The parliament has regularly updated the age of marriage and consent. Presently, a girl child is neither qualified for marriage nor can she give an assent before 18 years of age. So, when age has been increased in all the other laws then Exception 2 maintaining the age of assent for a wife who is 15 years of age is irrational, prejudicial, and violative of the rights of the girl child. It is arbitrary and discriminatory. Consequentially, it should be struck down as violative of part III of the Constitution. Exception 2 should delineate as follows to make it constant with the Constitution: “Sex or Sexual acts by a man with his wife not being 18 years, isn’t rape”. The issue under the consideration of the Court pertains only to marital rape of the girl child who is under 18 years of age and not above the age of 18 years. Therefore, the judgment did not remark whatsoever regarding the issue of marital rape of an adult woman.
This is a landmark case because the Union of India (Respondent’s) conflict was the custom that has been vigorously practiced for a while now in our country. Thus, the same should not be interfered with. The court didn’t concur with the argument asserting that since child marriages are common in different parts of India and have been followed as a convention over the years so they should be acknowledged as a way of life. It doesn’t imply that we have to accept it and ratify it by law. The legislation must be sufficiently rational to comprehend which custom is justifiable and which isn't.
Therefore, it was held that non-consensual sex with a girl child under the age of 18 years is rape irrespective of the status of marriage as it endangers a girl’s life both physically and emotionally.
Independent Thought case has made a significant impact in securing the rights of the girl child who are married before the age of 18 years and are forced to have sexual intercourse. The judgement did not deliberate on circumstances where the husband himself is minor and would be as innocent as the young girl. Further, the Court did not comment on the marital rape issue of an adult woman by emphasizing that marital rape isn’t the issue before the court. The reasoning the Court provided for Exception 2 that it is violative of Fundamental Rights is aligned to the argument for an adult woman whose dignity and bodily integrity are violated by non-consensual sex.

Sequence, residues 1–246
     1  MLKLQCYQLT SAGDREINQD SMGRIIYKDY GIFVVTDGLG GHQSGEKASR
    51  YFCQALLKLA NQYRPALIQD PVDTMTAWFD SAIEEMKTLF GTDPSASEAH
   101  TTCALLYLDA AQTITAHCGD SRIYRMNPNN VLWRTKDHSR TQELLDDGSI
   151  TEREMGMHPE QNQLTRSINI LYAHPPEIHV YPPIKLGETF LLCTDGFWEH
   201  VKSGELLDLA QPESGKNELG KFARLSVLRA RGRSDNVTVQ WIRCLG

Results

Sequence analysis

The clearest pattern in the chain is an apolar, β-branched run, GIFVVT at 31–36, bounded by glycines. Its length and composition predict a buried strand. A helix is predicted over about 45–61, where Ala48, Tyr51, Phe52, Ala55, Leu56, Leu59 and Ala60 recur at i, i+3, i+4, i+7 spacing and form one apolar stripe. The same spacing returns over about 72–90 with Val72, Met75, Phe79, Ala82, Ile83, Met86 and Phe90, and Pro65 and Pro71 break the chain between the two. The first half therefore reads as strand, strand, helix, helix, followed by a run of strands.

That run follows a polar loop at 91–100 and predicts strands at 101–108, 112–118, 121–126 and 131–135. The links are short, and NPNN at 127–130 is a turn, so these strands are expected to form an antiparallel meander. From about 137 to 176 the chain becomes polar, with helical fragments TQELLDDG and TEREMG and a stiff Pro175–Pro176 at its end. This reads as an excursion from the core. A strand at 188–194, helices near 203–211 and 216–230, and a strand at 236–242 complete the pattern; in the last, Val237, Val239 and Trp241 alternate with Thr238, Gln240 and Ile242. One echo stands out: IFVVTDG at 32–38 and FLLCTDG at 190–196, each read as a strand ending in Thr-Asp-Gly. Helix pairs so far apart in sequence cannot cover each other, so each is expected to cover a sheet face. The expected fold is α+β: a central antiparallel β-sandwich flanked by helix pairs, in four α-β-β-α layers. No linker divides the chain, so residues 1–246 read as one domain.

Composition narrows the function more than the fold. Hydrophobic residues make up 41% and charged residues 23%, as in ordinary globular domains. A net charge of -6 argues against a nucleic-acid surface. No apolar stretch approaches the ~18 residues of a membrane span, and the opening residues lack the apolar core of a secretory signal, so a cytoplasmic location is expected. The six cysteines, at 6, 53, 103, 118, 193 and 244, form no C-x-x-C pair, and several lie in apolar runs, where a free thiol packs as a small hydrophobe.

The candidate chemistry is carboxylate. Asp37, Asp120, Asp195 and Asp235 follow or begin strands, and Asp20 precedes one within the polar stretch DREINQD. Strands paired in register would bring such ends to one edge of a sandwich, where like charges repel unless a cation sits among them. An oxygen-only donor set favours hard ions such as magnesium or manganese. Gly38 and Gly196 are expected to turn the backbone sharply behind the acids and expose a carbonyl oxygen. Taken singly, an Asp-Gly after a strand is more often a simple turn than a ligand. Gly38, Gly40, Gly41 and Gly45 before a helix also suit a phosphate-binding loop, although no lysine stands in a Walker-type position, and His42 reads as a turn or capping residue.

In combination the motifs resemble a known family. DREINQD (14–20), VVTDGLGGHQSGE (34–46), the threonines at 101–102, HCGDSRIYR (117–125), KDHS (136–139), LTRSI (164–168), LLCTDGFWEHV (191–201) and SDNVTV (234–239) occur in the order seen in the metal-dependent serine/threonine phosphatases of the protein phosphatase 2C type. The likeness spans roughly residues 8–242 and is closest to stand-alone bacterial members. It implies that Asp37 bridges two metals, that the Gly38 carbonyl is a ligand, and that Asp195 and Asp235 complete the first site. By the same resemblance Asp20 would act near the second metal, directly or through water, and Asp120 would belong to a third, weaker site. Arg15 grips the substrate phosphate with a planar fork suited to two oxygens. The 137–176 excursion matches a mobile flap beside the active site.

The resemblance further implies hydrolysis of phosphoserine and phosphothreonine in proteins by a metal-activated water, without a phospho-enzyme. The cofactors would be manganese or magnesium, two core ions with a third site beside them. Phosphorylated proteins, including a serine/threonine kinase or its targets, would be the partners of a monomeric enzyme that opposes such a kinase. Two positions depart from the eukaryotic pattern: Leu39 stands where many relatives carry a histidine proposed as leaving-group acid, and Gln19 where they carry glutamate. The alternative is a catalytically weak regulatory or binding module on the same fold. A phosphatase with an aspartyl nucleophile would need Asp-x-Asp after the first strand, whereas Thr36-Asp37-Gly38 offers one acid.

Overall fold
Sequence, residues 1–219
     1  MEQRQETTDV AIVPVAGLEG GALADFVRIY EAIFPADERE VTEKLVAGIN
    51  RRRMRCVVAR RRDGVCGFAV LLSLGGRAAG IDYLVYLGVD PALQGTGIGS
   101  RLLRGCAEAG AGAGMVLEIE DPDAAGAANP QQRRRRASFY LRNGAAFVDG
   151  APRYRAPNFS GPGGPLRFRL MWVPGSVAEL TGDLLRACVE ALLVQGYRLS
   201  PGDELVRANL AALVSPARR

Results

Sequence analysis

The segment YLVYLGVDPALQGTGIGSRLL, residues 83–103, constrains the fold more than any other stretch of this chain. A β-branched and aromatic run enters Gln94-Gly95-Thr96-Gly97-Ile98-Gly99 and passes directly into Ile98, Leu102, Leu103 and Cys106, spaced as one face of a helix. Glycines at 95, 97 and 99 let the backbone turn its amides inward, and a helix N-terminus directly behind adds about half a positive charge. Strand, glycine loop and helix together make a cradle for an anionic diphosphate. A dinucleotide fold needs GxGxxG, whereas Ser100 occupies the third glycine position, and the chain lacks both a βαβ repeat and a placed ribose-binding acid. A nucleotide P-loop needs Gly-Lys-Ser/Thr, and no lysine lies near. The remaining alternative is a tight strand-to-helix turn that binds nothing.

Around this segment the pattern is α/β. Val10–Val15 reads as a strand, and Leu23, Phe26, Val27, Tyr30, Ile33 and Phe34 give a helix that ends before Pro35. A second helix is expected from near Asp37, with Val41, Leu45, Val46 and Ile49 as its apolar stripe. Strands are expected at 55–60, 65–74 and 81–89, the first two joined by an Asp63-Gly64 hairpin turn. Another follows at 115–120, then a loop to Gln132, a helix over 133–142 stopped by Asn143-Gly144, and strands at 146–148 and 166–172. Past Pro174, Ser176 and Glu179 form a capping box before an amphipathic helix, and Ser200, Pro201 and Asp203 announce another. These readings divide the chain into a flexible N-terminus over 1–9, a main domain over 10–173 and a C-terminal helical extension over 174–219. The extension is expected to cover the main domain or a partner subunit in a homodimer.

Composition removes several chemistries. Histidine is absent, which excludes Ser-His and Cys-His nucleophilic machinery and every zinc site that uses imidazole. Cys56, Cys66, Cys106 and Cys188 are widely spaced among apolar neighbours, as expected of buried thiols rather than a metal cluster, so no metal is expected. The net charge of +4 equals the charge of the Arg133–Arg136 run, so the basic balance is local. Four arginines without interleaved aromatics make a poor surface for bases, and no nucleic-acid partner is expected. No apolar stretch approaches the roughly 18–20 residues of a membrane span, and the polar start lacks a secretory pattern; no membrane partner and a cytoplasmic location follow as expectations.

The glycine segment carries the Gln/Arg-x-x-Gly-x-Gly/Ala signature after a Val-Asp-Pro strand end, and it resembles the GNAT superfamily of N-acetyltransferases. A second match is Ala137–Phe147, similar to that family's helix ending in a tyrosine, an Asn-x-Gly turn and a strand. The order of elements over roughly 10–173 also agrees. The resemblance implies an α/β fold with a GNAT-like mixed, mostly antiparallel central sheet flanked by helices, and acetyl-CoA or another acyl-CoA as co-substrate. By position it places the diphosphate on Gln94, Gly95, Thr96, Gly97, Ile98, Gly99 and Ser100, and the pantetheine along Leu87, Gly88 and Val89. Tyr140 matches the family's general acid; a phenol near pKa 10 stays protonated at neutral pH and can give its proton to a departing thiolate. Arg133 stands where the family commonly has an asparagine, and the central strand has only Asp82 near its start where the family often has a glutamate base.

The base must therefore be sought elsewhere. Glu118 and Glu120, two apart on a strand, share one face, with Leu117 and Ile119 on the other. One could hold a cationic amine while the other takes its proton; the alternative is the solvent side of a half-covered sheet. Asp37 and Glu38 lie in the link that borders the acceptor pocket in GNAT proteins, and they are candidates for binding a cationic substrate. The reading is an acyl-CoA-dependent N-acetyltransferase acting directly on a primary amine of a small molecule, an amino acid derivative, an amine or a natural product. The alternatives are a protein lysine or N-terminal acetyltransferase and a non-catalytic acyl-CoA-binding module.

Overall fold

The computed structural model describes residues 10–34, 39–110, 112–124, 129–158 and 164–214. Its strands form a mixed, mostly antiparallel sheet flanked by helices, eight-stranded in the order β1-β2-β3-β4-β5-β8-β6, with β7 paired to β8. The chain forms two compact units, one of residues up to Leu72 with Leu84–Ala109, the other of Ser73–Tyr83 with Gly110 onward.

Q1. Is it acceptable for a man to have non-consensual sex with a young girl just because she is married to him?
A1. No, it is not after the judgement of Independent Thought v. Union of India (2013).
[i] Independent Thought v. Union of India, WRIT PETITION (CIVIL) NO. 382 OF 2013.
[ii] Section 375, KD GAUR, TEXTBOOK ON INDIAN PENAL CODE, 6TH EDITION, 2018, Pg.no.-880.
[iii] Exception 2 –Section 375, KD GAUR, TEXTBOOK ON INDIAN PENAL CODE, 6TH EDITION, 2018, Pg.no.-881.
[iv] Independent Thought v. Union of India, https://indiankanoon.org/doc/87705010/.
[v] Article 32 of the Constitution of India.
[vi] Article 14 of the Constitution of India.
[vii] Article 15(3) of the Constitution of India.
[viii] Article 21 of the Constitution of India.
[ix] Section 5 of the POCSO Act, 2012.
[x] Section 6 of the POCSO Act, 2012.
[xi] Section 2(d) of The Protection of Human Rights Act, 1993.
[xii] Section 3 of The Protection of Women from Domestic Violence Act, 2005.
[xiii] Suchita Srivastava v. Chandigarh Administration, CIVIL APPEAL NO.5845 OF 2009.
[xiv] State of Maharashtra v. Madhukar Narayan Mardikar, AIR 1991 SC 207, (1991) 1 SCC 57.
[xv] Devika Biswas v. Union of India, (2016) 10 SCC 729.
[xvi] State of Karnataka v. Krishnappa, ILR 1994 KAR 89, 1993 (4) KarLJ 680.
[xvii] Bodhisattwa Gautam v. Subhra Chakraborty, 1996 AIR 922, 1996 SCC (1) 490.
[xviii] State of Punjab v. Gurmit Sigh, 1996 AIR 1393, 1996 SCC (2) 384.